Early this year, Mr. Miller, the Georgia lawyer, started winding down his play-money account and decided to save more instead. He figures he probably didn’t lose money overall, because of his Bank of America profits, but believes he would have done better in an index fund.

“When you’re in Vegas, when you’re ahead, get out,” he says. “That’s what I did.”

Investors who have a play-money account, or want to start one, should first make sure they are setting aside enough to retire, experts say. That money should be in diversified, low-cost index funds, Mr. Malkiel says.

“For your serious retirement money, you don’t gamble,” he says.

Here are other steps experts say play-money investors should take to keep their expectations realistic and their wagers within safe boundaries:

Understand Your Motives

“I’m not private-plane rich,” says Mr. Adams, whose cartoon appears in about 2,000 newspapers in 65 countries.

But the possibility of hitting the jackpot is one reason Mr. Adams sets aside about 5% of his investments to bet on individual stocks. (The other 95% is mostly in broad, low-cost funds, he says.)

“Losing that money has no effect. But if something lucky happens, and it makes a lot of money, I’d be happy,” he says. “I might buy something that I might not have thought of.”

Investors can benefit from understanding what they get out of play money. That can help them figure out whether something else might satisfy that desire with less risk.

For some, stock-picking is a thrill. Researchers studying survey and trading data from German investors concluded that two types of people could find trading stocks entertaining: those who do it as a hobby and those who enjoy gambling.

The gamblers “are motivated by a quest for arousal or an aspiration for riches,” the researchers, Daniel Dorn of Drexel University and Paul Sengmueller of Tilburg University in the Netherlands, wrote in a 2009 paper titled “Trading as Entertainment?”

“I get enjoyment out of winning on stocks. It’s fun,” says Michael McKay, a general contractor in Palatine, Ill. He uses about 5% to 8% of his investments to trade individual stocks such as AppleAAPL +0.87% Amazon.comAMZN +5.84% Priceline.comPCLN +1.56% and Ford MotorF +0.40%

Mr. McKay previously devoted up to 30% of his investments to that type of trading, but pared back. “It was becoming too much like gambling,” he says. “I have a company to run. I can’t really dedicate the time.”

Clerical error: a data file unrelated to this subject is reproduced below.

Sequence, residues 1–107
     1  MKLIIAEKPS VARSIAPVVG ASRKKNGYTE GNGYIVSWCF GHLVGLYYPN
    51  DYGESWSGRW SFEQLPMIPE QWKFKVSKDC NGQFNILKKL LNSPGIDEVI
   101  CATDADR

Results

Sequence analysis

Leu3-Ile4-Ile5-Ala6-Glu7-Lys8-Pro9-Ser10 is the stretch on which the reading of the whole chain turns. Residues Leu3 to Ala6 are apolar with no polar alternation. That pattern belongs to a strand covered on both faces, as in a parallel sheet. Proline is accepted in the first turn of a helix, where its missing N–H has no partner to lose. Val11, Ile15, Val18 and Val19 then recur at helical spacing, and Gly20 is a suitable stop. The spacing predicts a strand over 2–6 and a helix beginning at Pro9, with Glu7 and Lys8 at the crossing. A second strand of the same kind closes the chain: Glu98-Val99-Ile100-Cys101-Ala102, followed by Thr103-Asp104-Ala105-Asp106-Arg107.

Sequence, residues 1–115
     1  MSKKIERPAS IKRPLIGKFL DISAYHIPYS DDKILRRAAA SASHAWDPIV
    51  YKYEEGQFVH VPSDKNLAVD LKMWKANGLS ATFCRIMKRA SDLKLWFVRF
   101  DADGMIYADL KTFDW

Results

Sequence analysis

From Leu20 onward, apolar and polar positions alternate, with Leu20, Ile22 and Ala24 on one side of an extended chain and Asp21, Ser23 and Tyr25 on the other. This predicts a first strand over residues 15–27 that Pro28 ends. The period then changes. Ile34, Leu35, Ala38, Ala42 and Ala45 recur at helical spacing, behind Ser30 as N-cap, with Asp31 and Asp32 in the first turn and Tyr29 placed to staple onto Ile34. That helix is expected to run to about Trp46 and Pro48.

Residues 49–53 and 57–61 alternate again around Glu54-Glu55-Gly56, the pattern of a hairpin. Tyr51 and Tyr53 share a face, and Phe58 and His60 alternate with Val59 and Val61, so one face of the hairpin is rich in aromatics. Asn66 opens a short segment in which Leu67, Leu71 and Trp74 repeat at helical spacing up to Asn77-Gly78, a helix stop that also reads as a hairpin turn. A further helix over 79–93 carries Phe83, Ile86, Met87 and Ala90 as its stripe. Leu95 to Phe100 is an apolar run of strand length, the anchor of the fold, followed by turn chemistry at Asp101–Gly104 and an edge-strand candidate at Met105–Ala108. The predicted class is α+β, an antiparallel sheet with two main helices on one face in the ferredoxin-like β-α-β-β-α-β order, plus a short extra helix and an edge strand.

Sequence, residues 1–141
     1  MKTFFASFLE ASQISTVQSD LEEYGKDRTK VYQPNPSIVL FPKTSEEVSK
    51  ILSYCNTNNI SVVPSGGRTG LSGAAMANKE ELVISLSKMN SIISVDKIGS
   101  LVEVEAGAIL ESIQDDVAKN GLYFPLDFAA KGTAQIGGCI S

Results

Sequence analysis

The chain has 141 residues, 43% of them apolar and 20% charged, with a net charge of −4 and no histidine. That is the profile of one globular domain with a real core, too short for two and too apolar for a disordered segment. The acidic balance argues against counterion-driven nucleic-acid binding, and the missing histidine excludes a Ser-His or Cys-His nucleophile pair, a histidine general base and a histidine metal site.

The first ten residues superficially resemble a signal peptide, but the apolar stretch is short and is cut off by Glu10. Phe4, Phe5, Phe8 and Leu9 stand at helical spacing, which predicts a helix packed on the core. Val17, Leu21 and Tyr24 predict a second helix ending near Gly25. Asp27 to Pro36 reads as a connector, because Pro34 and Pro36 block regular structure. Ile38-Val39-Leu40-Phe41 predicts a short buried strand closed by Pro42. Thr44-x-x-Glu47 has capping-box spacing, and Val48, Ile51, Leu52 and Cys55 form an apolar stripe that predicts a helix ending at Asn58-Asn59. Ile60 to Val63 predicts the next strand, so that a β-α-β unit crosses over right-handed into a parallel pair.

Play money also can provide intellectual stimulation. “I’m probably wrong nine out of 10 times,” Mr. Adams says. But when he is right, “it feels good,” he adds. “You can create the illusion that you’re smart.”

Prepare to Lose

In the late 1980s, Larry Swedroe had a hunch.

Mr. Swedroe, who is now director of research at Buckingham Asset Management, an investment advisory firm in St. Louis, believed that consolidation was coming to the banking industry.

As the U.S. pursued a free-trade deal with its neighbors in the years that followed, he bought up shares in Jefferson National Bank in upstate New York, near the Canadian border, figuring it was a takeover candidate. At one point, he says the stake comprised about 10% of his portfolio.

His theory about mergers in the industry was right, but it didn’t matter. The bank collapsed in 1993, and its onetime president was later convicted of fraud.

Now, Mr. Swedroe has a simple message for those who think they might have a magic touch. “You may get lucky. But I think the odds are highly against you,” he says.

Research backs him up. The average individual investor appears to underperform the market when picking stocks, even before the cost of trading is taken into account, according to a 2011 paper by Brad Barber, a professor at the University of California, Davis, and Terrance Odean, a professor at the University of California, Berkeley.

Among the problems: Those investors trade too frequently and often are competing against institutional investors who have more information, the authors wrote. Mr. Barber says there is research based on data from the U.S., Taiwan and Finland that points to underperformance by retail investors.

He says he knows of no studies specifically about play-money investors, but sees no reason why their results should be different. Almost by definition, a play-money account is likely to be less diversified and therefore riskier.

Many investors also are overconfident, experts say. Doctors, for instance, often don’t understand that professional investors’ skills also are specialized, according to Mr. Swedroe. When a doctor talks about picking stocks, Mr. Swedroe says he responds, “Would you let me operate on your patients?”

Play-money investors who want to find out if they are the exceptions should benchmark their trades against an appropriate index, he says. If investors are trading small-cap stocks, for instance, that means measuring against an index such as the Russell 2000, not the S&P 500.

Benchmarking, done right, will be eye-opening for many play-money investors, Mr. Swedroe says. “You’ll stop doing it, because you’ll see it losing.”

Set Clear Limits

Win or lose, the key to using play money safely is to make sure it involves a sum the investor can live without.